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Front Row Motorsports filled one of the last major vacancies in the NASCAR Cup Series when it announced Thursday John Hunter Nemechek will compete for the team full-time in the No. 38 Ford.

With the announcement also came the news the team is retracting to two cars after fielding three in 2019.

As a rookie, Nemechek will have Michael McDowell as a teammate.

Here’s how the rest of NASCAR’s Silly Season has played out so far.

ANNOUNCED CUP RIDES FOR 2020

No. 00: Quin Houff will race for Star Com Racing full-time. Announced Nov. 27.

No. 1: Chip Ganassi Racing announced on Nov. 1 a multi-year extension with Kurt Busch.

No. 6: Roush Fenway Racing announced Oct. 30 that Ryan Newman would return to the car as part of the news that Oscar Mayer would sponsor the No. 6 through 2021.

No. 8: Richard Childress Racing made it official Oct. 2 that Tyler Reddick will move to Cup in 2020 and drive the No. 8 car.

No. 10: Aric Almirola confirmed Oct. 11 he signed an extension to race for Stewart-Haas Racing.

No. 13: Ty Dillon posted a video Sept. 6 on Instagram refuting rumors that he would retire after this season. He has a contract with Germain Racing through 2020.

No. 14: Clint Bowyer was announced Oct. 17 as returning to Stewart-Haas Racing for a fourth season.

No. 15: Brennan Poole will make his Cup debut and will drive for Premium Motorsports full-time. Announced Dec 11.

No. 17: Chris Buescher will take over the Roush Fenway Racing No. 17 ride in 2020 after the team announced Sept. 25 that it would part ways with Ricky Stenhouse Jr. after this season.

No. 20: Joe Gibbs Racing announced Sept. 6 that it had signed Erik Jones to an extension. It is a one-year extension for the 2020 season.

No. 21: Matt DiBenedetto replaces Paul Menard at Wood Brothers Racing (announcement made Sept. 10). DiBenedetto’s deal is for 2020 only.

No. 32: Corey LaJoie will return for a second straight full season with Go Fas Racing and the No. 32 Ford. The team announced on Nov. 1 it would enter a technical alliance with Stewart-Haas Racing next year.

No. 37: Ryan Preece moves over from the No. 47 to the No. 37. He will have a new crew chief, Trent Owens, who has been crew chief on the No. 37 for the past three seasons.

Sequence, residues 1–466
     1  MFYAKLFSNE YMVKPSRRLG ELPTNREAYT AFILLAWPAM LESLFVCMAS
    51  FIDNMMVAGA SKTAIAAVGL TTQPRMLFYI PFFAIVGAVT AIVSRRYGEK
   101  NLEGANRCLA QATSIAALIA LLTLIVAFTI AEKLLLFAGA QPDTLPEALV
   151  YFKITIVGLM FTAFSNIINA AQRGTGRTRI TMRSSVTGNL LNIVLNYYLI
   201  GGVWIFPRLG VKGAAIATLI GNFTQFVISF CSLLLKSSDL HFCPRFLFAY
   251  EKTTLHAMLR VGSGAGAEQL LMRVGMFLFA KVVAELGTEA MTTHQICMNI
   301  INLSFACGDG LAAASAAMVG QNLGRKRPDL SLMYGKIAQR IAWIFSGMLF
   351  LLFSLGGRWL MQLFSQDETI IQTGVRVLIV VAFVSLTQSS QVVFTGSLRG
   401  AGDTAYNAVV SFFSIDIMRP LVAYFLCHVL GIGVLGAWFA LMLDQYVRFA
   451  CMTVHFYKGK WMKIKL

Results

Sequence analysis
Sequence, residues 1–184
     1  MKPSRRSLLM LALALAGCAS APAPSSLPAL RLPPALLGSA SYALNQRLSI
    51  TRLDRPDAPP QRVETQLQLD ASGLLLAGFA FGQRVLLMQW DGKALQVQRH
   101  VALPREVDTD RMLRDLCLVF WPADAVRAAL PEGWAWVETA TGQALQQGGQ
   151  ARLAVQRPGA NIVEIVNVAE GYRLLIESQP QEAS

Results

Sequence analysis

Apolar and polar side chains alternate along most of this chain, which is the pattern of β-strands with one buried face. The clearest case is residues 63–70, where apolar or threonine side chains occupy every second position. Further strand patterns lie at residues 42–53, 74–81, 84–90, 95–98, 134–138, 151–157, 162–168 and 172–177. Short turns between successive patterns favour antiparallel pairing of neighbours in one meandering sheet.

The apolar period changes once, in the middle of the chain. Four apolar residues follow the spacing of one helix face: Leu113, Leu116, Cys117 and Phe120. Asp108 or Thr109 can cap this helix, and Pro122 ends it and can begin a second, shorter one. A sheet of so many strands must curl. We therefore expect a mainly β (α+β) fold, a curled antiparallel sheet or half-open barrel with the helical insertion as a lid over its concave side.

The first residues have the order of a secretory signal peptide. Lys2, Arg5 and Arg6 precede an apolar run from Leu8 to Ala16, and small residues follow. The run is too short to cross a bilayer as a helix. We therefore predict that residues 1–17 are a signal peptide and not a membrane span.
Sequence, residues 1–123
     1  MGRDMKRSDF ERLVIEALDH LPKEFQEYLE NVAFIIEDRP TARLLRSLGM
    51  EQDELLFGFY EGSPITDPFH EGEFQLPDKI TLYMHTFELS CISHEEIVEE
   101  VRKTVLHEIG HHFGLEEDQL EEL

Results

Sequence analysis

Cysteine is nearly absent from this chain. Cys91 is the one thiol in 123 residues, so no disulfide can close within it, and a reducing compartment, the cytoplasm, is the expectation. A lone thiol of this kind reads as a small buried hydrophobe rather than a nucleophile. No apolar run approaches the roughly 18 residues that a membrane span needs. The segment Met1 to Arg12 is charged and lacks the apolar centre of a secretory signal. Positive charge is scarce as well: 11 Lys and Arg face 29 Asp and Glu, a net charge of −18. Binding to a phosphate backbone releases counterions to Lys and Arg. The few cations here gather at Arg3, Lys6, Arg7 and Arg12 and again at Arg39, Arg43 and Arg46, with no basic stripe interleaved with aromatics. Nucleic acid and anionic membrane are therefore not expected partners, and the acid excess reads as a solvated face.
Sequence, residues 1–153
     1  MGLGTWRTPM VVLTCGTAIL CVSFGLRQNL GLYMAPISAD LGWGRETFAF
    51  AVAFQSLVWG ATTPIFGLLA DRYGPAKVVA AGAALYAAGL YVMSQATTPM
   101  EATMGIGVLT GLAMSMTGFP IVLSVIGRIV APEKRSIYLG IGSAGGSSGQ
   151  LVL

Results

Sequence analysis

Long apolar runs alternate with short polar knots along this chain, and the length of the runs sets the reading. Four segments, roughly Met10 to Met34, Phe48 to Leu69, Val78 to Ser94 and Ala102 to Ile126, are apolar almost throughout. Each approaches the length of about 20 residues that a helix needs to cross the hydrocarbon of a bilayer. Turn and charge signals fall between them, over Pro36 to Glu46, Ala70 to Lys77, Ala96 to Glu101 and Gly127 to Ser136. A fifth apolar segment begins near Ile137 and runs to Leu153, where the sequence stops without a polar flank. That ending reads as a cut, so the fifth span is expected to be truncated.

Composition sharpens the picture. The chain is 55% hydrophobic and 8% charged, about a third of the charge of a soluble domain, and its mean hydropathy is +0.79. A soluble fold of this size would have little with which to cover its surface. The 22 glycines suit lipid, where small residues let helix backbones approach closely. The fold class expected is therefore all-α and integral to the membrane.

No. 38: John Hunter Nemechek replaces the now retired David Ragan for Front Row Motorsports. Announced Dec. 12.

No. 41: Stewart-Haas Racing announced Nov. 15 Cole Custer will replace Daniel Suarez.

No. 47: JTG Daugherty Racing announced Oct. 16 Ricky Stenhouse Jr. will join Ryan Preece at the two-car team, essentially swapping seats with Chris Buescher. On Dec. 2, the team announced Stenhouse will drive the No. 47, with Brian Pattie serving as his crew chief.

No. 95: Christopher Bell moves to Cup in 2020 and will drive for Leavine Family Racing (announcement made Sept. 24).

Rick Ware Racing: JJ Yeley will drive one of the team’s three full-time rides.

 

YET TO ANNOUNCE DEALS FOR 2020

Daniel Suarez — The driver revealed Nov. 14  he would not return to Stewart-Haas Racing in 2020 after one season driving the No. 41.

 

ANNOUNCED PLANS IN OTHER NASCAR SERIES

Xfinity Series 

Ross Chastain – Kaulig Racing announced Oct. 15 he would compete full-time for the team in 2020 driving the No. 10 Chevrolet, joining Justin Haley.

Joe Gibbs Racing — Announced Oct. 17 Harrison Burton will drive its No. 20 Toyota full-time in 2020. Announced Oct. 31 Brandon Jones would return for a third year in the No. 19. Revealed Nov. 5 it would field a third full-time entry with Riley Herbst in the No. 18.

JR MotorsportsJustin Allgaier will return to the team for a fifth year in the No. 7 Chevrolet. The No. 8 car will be driven by Daniel Hemric for 21 races, Jeb Burton 11 races and Dale Earnhardt Jr. for one race. Noah Gragson will also return for a second season in the No. 9 car, while Michael Annett returns for a fourth year with the team in the No. 1 car.

Richard Childress Racing — Will field a part-time car in the No. 21, which will be shared by Myatt Snider and Anthony Alfredo.

Stewart-Haas Racing – The team has not announced plans for the No. 00 Ford with Cole Custer moving to Cup or whether Chase Briscoe will return to the No. 98.

JD MotorsportsJesse Little will compete full-time for the team.

 

Truck Series

GMS RacingDriver lineup will include Brett Moffitt, Sam Mayer, Sheldon Creed and Tyler Ankrum

Kyle Busch MotorsportsRaphael Lessard will drive the No. 4 full-time while Christian Eckes will drive the No. 18 full-time.

Halmar Friesen Racing — Stewart Friesen will return for a third full-time season in the No. 52 Truck. The team will also switch from Chevrolet to Toyota Trucks in 2020.

Hattori Racing EnterprisesAustin Hill will return to the No. 16 Toyota for a second year.

Niece Motorsports: Ty Majeski will drive the No. 45 truck full-time, taking the place of Ross Chastain. Announced Dec. 10.

DGR-Crosley: Has not made any driver announcements, but will switch from Toyota to Ford. Announced Dec. 11.